Moreover, colleges are already expanding their “Reacting” offerings to fulfill broader curricular purposes: Most campuses that have adopted “Reacting” for a limited curricular purpose subsequently broaden the scope and mandate of the program. About a dozen colleges that once offered a single “Reacting” course now have created two- and even three-course sequences.  Some schools that have adopted “Reacting” as a program for first-years are considering mounting other “Reacting” courses as junior electives or senior capstone courses.  As soon as designers of Charles Darwin, teh Copley Medal, and the Rise of Naturalism game announced that they had a preliminary version available for testing, a half dozen faculty proposed to link it with the Trial of Galileo game.  In short, the curricular possibilities of “Reacting” have been limited by the lack of games.  As more games become available, faculty and administrators allot it additional curricular space.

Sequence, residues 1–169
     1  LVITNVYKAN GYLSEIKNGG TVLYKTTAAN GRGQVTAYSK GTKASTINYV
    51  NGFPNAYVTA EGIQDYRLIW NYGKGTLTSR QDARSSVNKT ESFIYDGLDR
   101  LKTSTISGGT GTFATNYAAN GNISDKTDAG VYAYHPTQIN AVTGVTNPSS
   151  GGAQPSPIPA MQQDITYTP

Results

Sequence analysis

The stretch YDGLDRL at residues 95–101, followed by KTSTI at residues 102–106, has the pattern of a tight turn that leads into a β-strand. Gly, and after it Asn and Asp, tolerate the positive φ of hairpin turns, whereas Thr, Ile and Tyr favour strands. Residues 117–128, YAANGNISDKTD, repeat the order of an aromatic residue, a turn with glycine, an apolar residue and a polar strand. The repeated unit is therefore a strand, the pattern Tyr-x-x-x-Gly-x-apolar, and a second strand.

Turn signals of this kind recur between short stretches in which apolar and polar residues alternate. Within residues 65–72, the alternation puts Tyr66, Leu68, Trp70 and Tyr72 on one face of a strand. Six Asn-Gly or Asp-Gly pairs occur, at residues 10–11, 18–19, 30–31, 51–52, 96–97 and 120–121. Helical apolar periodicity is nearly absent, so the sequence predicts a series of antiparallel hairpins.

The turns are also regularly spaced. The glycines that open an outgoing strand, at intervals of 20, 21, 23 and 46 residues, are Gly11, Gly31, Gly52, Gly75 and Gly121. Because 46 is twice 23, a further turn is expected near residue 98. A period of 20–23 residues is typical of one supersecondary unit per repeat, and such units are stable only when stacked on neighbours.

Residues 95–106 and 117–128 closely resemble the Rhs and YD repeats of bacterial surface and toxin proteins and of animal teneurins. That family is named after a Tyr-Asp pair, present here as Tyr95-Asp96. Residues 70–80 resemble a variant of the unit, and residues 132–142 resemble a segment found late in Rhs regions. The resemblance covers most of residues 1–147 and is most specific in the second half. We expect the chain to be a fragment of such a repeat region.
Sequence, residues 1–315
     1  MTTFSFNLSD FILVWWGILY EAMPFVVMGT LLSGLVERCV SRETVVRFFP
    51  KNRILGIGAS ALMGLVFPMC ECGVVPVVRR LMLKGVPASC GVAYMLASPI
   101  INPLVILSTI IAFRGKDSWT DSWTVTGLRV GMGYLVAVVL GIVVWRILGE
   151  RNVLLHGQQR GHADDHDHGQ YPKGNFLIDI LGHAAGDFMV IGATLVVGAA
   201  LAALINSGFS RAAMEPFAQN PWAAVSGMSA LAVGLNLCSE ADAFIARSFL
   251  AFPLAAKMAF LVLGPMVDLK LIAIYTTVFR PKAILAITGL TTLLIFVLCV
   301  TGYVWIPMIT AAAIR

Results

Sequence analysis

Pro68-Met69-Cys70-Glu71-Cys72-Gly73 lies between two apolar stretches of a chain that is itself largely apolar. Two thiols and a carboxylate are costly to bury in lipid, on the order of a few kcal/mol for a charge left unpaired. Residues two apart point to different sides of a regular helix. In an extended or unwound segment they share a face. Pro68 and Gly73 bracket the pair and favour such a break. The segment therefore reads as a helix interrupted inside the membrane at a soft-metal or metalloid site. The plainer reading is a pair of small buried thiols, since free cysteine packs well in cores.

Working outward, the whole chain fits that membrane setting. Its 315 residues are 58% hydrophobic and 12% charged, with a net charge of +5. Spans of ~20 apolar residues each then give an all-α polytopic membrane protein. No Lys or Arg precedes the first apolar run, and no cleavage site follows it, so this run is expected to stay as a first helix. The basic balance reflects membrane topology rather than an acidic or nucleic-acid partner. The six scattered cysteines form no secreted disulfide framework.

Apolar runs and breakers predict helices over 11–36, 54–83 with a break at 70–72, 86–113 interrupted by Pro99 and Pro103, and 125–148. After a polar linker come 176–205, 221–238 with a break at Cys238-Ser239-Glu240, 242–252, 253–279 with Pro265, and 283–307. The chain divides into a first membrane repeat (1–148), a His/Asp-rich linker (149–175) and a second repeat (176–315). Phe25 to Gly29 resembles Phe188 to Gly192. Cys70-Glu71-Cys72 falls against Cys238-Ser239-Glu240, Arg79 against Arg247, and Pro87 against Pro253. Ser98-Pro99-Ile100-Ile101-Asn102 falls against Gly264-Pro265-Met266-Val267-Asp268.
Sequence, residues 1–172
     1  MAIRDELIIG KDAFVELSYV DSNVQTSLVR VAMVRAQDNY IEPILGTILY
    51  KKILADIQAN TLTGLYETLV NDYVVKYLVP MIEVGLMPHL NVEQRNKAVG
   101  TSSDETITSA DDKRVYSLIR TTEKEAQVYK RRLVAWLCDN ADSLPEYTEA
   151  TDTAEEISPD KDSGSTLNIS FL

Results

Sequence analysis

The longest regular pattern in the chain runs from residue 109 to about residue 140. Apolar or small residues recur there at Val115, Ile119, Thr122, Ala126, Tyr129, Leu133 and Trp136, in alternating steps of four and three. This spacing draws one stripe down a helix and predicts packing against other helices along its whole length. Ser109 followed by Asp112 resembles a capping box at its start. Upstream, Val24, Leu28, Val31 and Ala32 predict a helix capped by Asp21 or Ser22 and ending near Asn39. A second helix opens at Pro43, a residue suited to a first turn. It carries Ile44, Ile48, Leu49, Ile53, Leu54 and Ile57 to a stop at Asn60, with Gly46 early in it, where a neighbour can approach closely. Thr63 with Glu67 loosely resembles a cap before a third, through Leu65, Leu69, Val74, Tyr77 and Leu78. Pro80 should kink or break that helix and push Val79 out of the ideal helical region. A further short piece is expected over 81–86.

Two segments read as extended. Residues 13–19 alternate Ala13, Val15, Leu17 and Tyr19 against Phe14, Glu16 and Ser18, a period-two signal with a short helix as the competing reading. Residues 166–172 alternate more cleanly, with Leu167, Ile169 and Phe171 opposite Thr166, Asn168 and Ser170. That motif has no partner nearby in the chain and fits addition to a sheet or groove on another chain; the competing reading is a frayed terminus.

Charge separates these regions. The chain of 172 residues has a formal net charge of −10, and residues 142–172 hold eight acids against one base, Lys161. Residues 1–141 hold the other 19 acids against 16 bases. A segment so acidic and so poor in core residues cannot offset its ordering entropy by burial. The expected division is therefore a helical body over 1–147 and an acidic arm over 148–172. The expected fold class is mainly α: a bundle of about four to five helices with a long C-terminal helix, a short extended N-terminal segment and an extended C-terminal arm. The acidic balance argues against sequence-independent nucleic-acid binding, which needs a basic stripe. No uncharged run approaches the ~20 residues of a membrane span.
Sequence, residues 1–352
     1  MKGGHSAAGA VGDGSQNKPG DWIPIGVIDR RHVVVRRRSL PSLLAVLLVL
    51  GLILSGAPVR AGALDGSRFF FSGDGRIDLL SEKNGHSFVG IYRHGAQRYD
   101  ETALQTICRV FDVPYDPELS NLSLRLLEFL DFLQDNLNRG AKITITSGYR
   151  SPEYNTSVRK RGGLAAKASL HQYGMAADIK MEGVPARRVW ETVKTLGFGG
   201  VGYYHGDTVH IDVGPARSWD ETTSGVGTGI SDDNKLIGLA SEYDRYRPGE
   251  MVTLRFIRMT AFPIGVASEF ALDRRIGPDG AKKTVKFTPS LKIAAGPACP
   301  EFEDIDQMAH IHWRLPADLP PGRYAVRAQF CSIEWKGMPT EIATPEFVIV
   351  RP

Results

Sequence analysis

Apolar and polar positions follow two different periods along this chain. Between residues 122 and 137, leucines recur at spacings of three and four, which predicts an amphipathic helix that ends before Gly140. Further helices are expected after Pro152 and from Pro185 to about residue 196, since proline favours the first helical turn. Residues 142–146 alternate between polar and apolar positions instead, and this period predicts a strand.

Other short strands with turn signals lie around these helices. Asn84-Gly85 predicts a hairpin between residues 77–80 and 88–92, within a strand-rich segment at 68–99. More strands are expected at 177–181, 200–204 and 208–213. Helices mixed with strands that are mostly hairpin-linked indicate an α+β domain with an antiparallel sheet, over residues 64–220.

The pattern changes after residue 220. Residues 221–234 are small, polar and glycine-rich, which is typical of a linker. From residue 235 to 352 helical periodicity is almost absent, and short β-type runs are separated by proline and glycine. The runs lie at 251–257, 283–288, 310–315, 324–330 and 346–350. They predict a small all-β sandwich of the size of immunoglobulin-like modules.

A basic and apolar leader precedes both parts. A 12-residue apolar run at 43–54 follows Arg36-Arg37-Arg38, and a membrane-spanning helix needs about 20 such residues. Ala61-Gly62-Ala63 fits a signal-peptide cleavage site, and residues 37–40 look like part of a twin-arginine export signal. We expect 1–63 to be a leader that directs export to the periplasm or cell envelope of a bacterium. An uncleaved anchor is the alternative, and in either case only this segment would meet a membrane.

Some colleges and universities adopt “Reacting” because of competitive pressures; these pressures will intensify in the future.  College administrators are increasingly focusing on issues of recruitment and retention. Nearly everywhere “Reacting” has been adopted, it has been featured by admission departments.  At Trinity and Smith Colleges, for example, applicants are routinely taken to observe “Reacting” classes.  Although no one has done a study comparing the retention rates of “Reacting” and “non-Reacting” students, research shows that attendance powerfully correlates with retention;  and virtually all faculty who have taught a “Reacting” class reports that they have never had such high attendance.  As colleges and universities confront more pressure from the University of Phoenix, and from regional campus competitors, they will seek distinctive programs that encourage students to come to campus to learn—like “Reacting.”